Magento Config Cache Stampeding Race Condition

Published: October 30, 2017

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It started with an alert.

CPU usage had climbed to above 80% on the web servers. Additionally, average response time had spiked.

New Relic response time spike as a response of cache stampeding

In New Relic APM Pro, we could see in some slow transaction traces that the server was busy loading XML configurations…which should’ve been coming from cache.

After a few hours of investigation, we found that the issue was due to a core bug which can result in cache stampeding due to a race condition when the site is under high load.

Let’s dive into the issue.

How It Happens

The opportunity for cache stampeding is present in Mage_Core_Model_Config::saveCache(). Here’s the full method as of 1.9.3.6…

public function saveCache($tags=array())
{
    if (!Mage::app()->useCache('config')) {
        return $this;
    }
    if (!in_array(self::CACHE_TAG, $tags)) {
        $tags[] = self::CACHE_TAG;
    }
    $cacheLockId = $this->_getCacheLockId();
    if ($this->_loadCache($cacheLockId)) {
        return $this;
    }
    if (!empty($this->_cacheSections)) {
        $xml = clone $this->_xml;
        foreach ($this->_cacheSections as $sectionName => $level) {
            $this->_saveSectionCache($this->getCacheId(), $sectionName, $xml, $level, $tags);
            unset($xml->$sectionName);
        }
        $this->_cachePartsForSave[$this->getCacheId()] = $xml->asNiceXml('', false);
    } else {
        return parent::saveCache($tags);
    }
    $this->_saveCache(time(), $cacheLockId, array(), 60);
    $this->removeCache();
    foreach ($this->_cachePartsForSave as $cacheId => $cacheData) {
        $this->_saveCache($cacheData, $cacheId, $tags, $this->getCacheLifetime());
    }
    unset($this->_cachePartsForSave);
    $this->_removeCache($cacheLockId);
    return $this;
}

The method uses a lock, which should ideally prevent stampeding…

$cacheLockId = $this->_getCacheLockId();
if ($this->_loadCache($cacheLockId)) {
    return $this;
}

However, not only is this not atomic, but it also executes a bunch of code before it saves the lock…

$cacheLockId = $this->_getCacheLockId();
if ($this->_loadCache($cacheLockId)) {
    return $this;
}

// Save cache sections...

$this->_saveCache(time(), $cacheLockId, array(), 60);

Due to these faulty locking mechanics, the following race condition is possible…

  • Request A comes in. The config cache is cold. It hits Mage_Core_Model_Config::saveCache()
  • Request A checks if the config cache is locked for saving. It’s not.
  • Request A begins saving cache sections
  • Request B comes in. The config cache is still cold (Request A hasn’t saved it yet). It also hits Mage_Core_Model_Config::saveCache().
  • Request B checks if the config cache is locked for saving. It’s not (Request A hasn’t saved the lock yet).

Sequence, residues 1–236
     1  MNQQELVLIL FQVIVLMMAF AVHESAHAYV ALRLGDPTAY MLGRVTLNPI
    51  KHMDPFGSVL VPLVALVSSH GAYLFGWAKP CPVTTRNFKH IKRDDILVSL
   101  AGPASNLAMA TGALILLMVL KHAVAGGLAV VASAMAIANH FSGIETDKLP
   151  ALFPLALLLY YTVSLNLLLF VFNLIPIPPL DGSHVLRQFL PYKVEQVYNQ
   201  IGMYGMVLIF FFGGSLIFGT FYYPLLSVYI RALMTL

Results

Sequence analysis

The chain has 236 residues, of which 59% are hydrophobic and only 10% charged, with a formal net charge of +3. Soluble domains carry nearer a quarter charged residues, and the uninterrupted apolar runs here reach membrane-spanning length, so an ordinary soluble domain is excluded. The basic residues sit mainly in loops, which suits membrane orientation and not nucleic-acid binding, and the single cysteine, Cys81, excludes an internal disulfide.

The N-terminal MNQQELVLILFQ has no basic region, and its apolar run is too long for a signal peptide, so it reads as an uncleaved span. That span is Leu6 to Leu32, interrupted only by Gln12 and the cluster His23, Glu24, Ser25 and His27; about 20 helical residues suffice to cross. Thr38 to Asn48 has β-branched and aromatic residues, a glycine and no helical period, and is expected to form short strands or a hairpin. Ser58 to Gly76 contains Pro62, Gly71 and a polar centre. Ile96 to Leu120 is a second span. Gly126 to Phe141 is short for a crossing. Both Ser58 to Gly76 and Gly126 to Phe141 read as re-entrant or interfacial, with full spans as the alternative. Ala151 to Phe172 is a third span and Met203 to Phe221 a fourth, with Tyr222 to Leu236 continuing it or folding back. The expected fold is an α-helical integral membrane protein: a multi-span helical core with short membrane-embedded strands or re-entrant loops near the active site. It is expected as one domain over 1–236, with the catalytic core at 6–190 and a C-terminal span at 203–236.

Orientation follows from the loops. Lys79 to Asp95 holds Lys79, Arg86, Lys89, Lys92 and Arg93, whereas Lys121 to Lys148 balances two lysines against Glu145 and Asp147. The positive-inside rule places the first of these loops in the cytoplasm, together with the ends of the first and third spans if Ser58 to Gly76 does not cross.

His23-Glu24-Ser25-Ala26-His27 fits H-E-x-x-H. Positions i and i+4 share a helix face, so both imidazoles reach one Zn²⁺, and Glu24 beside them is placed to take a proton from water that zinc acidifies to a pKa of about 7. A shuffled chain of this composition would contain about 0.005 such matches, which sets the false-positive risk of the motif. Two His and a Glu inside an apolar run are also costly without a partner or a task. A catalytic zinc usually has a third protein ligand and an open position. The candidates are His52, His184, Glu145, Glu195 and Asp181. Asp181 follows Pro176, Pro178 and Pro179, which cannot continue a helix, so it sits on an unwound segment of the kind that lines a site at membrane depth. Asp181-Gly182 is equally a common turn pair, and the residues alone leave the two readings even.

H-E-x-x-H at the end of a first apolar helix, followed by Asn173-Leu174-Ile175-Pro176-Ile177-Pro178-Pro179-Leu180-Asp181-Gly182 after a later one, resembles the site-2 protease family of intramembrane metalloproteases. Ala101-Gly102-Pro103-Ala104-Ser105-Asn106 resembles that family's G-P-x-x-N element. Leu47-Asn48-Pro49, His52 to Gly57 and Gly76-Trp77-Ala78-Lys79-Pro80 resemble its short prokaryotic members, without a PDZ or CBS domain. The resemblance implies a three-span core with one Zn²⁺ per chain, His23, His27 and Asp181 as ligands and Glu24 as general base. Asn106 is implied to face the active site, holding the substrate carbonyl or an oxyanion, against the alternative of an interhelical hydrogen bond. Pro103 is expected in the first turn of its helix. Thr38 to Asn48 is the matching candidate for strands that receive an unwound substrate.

• Request A finishes saving sections and now saves the lock. However, Request B already got past the lock check and it is also able to proceed with cache saving.

Under high throughput, the same pattern repeats itself ad nauseam with Request C, Request D, Request E and so on.

While the race condition is not ideal, the real problem is the cache stampeding it causes. This happens because Mage_Core_Model_Config::saveCache() clears the config cache before it saves…

$this->removeCache();

As a result, under high throughput a backlog of requests will repeatedly clear the cache creating a stampeding effect preventing the config cache from working at all.

Redis DEL throughput spike due to cache stampeding race condition

What Can I Do?

In the heat of the moment, to resolve the issue while it was in progress we temporarily commented out the removeCache call in Mage_Core_Model_Config::saveCache() to allow the cache to save, and then reverted our changes. Response time immediately stabilized.

New Relic response time stabilizing after resolving cache stampeding

Upon further research, however, I found that Colin Mollenhour, author of several significant parts of Magento core code including Cm_Cache_Backend_Redis and Cm_RedisSession published a patched version of Mage_Core_Model_Config that fixes this issue.

His patch was packaged up as a composer installable component by Aligent, which was subsequently forked by magehost. The magehost fork includes compatibility with Magento 1.9.2.3 and SUPEE-7405 and is what you should apply at the time of publishing this.

I’m not clear sure at this point if Magento has an official SUPEE patch for this issue. As such, I’d recommend applying Colin’s patch to your code base, especially if your expecting high traffic this holiday season.

Max Chadwick Hi, I'm Max!

I'm a software developer who mainly works in PHP, but loves dabbling in other languages like Go and Ruby. Technical topics that interest me are monitoring, security and performance. I'm also a stickler for good documentation and clear technical writing.

During the day I lead a team of developers and solve challenging technical problems at Something Digital where I mainly work with the Magento platform. I've also spoken at a number of events.

In my spare time I blog about tech, work on open source and participate in bug bounty programs.

If you'd like to get in contact, you can find me on Twitter and LinkedIn.